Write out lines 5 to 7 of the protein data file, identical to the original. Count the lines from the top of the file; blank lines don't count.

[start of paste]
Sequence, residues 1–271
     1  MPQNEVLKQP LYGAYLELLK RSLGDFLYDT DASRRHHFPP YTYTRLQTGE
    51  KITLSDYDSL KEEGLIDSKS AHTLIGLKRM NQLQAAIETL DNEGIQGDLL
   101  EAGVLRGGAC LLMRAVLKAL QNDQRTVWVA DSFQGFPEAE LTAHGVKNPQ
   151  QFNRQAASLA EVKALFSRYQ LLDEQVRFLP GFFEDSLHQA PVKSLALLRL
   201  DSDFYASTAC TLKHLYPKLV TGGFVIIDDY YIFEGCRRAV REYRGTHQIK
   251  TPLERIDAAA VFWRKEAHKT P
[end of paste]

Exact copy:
   151  QFNRQAASLA EVKALFSRYQ LLDEQVRFLP GFFEDSLHQA PVKSLALLRL
   201  DSDFYASTAC TLKHLYPKLV TGGFVIIDDY YIFEGCRRAV REYRGTHQIK
   251  TPLERIDAAA VFWRKEAHKT P